Is Beneful Dog Food Dangerous? U.S. Senators Want FDA to Investigate

PetMD Editorial
Published: March 13, 2015
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Two U.S. senators are urging the Food & Drug Administration (FDA) to open an investigation into the allegations that Nestle Purina PetCare Company’s Beneful dry kibble dog food contains toxins that may have killed thousands of dogs.

The letter to FDA Commissioner Margaret Hamburg, which was sent by Illinois Senator Dick Durbin and California Senator Dianne Feinstein, is in direct response to the class action lawsuit filed in California federal court in February by pet owner Frank Lucido. According to the lawsuit, illnesses experienced by thousands of dogs across the country were a result of toxins in Beneful such as, but not limited to, Propylene glycol and Mycotoxins.

Representative for Purina have continually said that the lawsuit is “baseless” and “without merit.” In an official statement posted on Purina’s website last month, the company stated:

“Unfortunately, class action suits are common these days. They are not indicative of a product issue. In fact, we've faced two such suits in the past with similar allegations. Both were found to be baseless and were subsequently dismissed by the courts.


Adding to the confusion, social media outlets can be a source of false or incomplete information, as many other pet food brands have experienced themselves.”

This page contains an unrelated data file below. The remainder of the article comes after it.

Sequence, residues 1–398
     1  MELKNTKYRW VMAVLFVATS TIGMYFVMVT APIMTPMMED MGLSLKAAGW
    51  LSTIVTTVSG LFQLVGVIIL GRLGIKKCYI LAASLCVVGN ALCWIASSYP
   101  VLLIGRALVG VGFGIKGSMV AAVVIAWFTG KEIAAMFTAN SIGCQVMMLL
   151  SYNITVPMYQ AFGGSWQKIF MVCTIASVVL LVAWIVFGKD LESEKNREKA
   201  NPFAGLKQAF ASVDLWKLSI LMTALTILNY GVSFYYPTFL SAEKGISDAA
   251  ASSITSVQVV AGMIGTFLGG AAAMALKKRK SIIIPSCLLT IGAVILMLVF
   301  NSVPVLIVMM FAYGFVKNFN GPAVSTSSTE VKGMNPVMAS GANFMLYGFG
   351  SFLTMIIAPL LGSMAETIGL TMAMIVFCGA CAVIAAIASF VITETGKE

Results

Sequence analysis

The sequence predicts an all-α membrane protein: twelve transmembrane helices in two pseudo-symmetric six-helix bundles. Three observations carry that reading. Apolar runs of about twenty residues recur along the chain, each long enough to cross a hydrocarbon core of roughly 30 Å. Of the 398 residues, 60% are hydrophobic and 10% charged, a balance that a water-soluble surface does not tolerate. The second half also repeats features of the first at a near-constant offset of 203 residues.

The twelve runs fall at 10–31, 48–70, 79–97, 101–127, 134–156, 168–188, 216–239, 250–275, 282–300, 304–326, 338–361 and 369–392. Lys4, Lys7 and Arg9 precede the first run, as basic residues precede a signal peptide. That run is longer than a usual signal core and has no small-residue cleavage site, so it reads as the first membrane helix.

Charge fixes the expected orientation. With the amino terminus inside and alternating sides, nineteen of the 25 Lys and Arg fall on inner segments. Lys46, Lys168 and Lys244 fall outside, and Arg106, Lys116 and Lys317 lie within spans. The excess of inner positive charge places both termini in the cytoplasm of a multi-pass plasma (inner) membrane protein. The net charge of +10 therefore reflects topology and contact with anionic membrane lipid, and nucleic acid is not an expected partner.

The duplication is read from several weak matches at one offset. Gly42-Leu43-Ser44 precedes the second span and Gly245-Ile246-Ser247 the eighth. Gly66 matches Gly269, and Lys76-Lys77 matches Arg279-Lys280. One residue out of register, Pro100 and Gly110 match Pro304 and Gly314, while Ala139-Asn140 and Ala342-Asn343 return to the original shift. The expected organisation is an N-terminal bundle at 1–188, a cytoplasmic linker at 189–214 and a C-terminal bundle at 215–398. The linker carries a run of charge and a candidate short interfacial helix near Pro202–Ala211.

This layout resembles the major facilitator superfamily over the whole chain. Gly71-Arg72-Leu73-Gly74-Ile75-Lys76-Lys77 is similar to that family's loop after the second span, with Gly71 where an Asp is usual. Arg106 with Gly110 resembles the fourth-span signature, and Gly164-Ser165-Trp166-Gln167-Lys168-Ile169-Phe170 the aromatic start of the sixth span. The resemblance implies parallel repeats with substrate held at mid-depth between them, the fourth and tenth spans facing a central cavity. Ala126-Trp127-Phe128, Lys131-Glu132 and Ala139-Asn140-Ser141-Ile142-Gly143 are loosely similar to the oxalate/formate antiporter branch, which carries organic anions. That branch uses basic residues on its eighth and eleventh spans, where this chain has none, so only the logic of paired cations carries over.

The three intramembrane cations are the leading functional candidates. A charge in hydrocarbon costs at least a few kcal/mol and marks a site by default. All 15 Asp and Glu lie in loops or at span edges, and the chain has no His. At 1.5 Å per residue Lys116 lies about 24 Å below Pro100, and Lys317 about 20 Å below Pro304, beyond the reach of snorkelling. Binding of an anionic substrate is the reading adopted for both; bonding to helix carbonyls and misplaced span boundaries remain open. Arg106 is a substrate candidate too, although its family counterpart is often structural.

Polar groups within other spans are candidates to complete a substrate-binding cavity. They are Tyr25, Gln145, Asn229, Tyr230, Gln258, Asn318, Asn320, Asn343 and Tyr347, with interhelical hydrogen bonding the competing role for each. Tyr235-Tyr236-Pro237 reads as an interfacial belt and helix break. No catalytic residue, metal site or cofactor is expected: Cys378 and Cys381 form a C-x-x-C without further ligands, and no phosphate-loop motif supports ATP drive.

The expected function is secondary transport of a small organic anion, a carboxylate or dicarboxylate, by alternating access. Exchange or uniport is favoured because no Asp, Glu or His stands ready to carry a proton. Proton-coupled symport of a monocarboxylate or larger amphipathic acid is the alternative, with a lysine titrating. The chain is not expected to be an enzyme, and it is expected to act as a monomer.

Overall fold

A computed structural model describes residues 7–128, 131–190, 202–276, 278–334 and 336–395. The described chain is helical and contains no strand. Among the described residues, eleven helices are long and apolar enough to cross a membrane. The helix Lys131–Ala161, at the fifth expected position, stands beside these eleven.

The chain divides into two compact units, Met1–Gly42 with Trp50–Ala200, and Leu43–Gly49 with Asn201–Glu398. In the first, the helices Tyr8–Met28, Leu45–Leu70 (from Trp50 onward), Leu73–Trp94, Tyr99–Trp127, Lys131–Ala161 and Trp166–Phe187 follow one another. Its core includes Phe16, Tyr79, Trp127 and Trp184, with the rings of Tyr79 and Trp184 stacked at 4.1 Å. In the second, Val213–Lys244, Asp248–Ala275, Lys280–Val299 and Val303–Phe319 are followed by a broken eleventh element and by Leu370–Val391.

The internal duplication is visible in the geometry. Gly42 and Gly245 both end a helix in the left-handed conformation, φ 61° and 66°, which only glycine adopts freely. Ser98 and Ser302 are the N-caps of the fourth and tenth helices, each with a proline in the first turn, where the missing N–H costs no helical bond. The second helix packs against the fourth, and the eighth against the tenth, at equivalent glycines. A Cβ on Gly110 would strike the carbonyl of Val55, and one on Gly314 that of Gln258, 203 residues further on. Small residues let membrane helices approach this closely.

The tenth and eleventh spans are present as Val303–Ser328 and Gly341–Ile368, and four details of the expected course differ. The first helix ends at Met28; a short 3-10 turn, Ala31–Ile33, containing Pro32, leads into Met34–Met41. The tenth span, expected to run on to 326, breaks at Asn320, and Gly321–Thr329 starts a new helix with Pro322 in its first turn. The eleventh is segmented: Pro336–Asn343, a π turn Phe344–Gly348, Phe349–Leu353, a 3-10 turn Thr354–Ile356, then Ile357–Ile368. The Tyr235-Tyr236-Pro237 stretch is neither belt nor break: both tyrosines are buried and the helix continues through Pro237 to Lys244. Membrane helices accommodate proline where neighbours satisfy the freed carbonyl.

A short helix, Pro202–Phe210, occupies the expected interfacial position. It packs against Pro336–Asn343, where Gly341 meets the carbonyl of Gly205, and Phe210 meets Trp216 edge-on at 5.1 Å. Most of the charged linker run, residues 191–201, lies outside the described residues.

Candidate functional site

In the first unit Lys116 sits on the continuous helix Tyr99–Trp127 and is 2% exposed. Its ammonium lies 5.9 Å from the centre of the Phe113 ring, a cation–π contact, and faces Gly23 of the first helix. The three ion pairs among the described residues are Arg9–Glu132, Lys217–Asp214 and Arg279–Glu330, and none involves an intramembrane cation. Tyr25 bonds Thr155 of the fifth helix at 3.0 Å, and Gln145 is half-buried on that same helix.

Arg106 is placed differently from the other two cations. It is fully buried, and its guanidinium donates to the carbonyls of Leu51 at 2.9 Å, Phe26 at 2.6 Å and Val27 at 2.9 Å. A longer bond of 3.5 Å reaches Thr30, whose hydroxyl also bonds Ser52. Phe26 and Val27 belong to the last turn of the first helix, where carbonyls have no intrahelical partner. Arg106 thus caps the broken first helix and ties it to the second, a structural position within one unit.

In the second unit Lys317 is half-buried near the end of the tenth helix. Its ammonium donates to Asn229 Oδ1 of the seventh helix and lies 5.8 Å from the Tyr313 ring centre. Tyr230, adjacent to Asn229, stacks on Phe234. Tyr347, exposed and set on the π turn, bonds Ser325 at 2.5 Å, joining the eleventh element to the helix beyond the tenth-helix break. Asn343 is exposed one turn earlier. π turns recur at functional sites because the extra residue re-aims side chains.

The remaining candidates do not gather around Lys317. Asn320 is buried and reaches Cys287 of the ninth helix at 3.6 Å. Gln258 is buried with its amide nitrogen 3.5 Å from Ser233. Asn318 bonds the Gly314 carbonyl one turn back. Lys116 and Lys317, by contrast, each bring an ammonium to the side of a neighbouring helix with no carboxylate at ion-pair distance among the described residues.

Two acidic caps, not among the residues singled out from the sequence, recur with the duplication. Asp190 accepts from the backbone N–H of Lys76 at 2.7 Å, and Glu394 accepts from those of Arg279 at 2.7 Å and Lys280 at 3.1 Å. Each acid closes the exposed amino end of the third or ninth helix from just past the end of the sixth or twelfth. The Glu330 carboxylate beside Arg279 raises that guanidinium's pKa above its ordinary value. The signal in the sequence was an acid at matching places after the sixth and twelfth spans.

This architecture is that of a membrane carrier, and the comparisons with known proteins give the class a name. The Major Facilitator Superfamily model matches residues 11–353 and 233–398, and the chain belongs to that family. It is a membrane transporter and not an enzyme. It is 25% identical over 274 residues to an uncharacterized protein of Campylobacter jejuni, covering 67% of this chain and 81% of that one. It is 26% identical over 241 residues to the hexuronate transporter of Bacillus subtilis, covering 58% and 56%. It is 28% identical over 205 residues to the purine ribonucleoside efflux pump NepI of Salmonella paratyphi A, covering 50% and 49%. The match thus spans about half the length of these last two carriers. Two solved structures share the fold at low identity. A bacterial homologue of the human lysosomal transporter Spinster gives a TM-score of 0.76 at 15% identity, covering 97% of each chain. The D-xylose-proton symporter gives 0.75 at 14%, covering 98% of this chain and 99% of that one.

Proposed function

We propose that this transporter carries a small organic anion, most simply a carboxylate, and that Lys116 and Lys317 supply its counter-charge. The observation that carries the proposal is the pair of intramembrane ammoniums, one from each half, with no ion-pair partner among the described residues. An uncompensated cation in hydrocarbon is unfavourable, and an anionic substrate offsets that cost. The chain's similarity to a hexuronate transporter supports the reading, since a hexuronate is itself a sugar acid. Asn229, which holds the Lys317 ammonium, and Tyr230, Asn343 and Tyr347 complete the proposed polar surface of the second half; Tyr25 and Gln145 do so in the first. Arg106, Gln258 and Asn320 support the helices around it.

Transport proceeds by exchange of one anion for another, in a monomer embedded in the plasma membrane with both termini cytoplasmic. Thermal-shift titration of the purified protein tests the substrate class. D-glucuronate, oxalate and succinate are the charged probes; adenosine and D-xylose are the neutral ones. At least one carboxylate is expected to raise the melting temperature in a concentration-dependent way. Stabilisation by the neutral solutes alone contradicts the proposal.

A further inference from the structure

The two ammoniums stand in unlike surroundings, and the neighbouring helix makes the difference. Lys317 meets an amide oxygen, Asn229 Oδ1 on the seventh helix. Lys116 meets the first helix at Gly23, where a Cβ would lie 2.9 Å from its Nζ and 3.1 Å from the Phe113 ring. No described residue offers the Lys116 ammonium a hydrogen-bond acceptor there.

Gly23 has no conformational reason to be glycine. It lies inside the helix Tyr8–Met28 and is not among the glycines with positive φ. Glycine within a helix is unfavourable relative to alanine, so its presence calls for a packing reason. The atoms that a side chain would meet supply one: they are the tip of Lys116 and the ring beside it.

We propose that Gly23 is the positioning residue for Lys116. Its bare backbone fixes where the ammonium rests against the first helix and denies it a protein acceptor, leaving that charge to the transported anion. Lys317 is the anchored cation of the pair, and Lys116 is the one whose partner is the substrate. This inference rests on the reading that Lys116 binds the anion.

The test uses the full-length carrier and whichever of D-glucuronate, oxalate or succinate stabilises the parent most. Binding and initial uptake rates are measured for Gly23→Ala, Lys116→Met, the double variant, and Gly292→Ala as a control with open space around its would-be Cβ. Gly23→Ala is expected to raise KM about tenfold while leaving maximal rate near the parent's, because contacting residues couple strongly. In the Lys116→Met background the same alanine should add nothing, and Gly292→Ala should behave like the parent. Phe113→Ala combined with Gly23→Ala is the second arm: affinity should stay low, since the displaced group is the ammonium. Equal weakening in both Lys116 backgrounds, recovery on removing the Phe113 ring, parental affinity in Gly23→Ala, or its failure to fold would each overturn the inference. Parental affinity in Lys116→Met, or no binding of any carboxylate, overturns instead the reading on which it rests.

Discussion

Many pet owners on social media have focused on the usage of propylene glycol in Purina’s Beneful dry kibble dog food. The FDA lists propylene glycol as a safe substance for use in both human and dog food, though prohibit its use in cat food.

"Propylene glycol is determined to be Generally Recognized as Safe for use in animal feeds, including dog foods, as a general purpose food additive when used in accordance with good manufacturing and feeding practices," FDA spokeswoman Juli Putnam said in a statement to NBC News.

In their letter to the FDA, Sen. Durbin and Feinstein are asking for an update on the agency’s implementation of a 2007 law enacted to help prevent contaminated pet food from reaching animals. Under the 2007 law, the FDA is required to ensure that pet food companies report to the agency within 24 hours of determining they have an adulterated product in their supply chain.

Additionally, the law requires the FDA to set ingredient and processing standards for pet food, strengthen labeling requirements, establish early warning systems for contaminated products and mandate that companies report contaminated food and make key records available during investigations.

 “We appreciate that the FDA has implemented an online database to inform consumers of pet food recalls,” the letter from Sen. Durbin and Feinstein states. “However, eight years later, most provisions of the pet food safety law have not been implemented and protections Congress enacted are not in place, amid allegations of contaminated Beneful dry kibble.”

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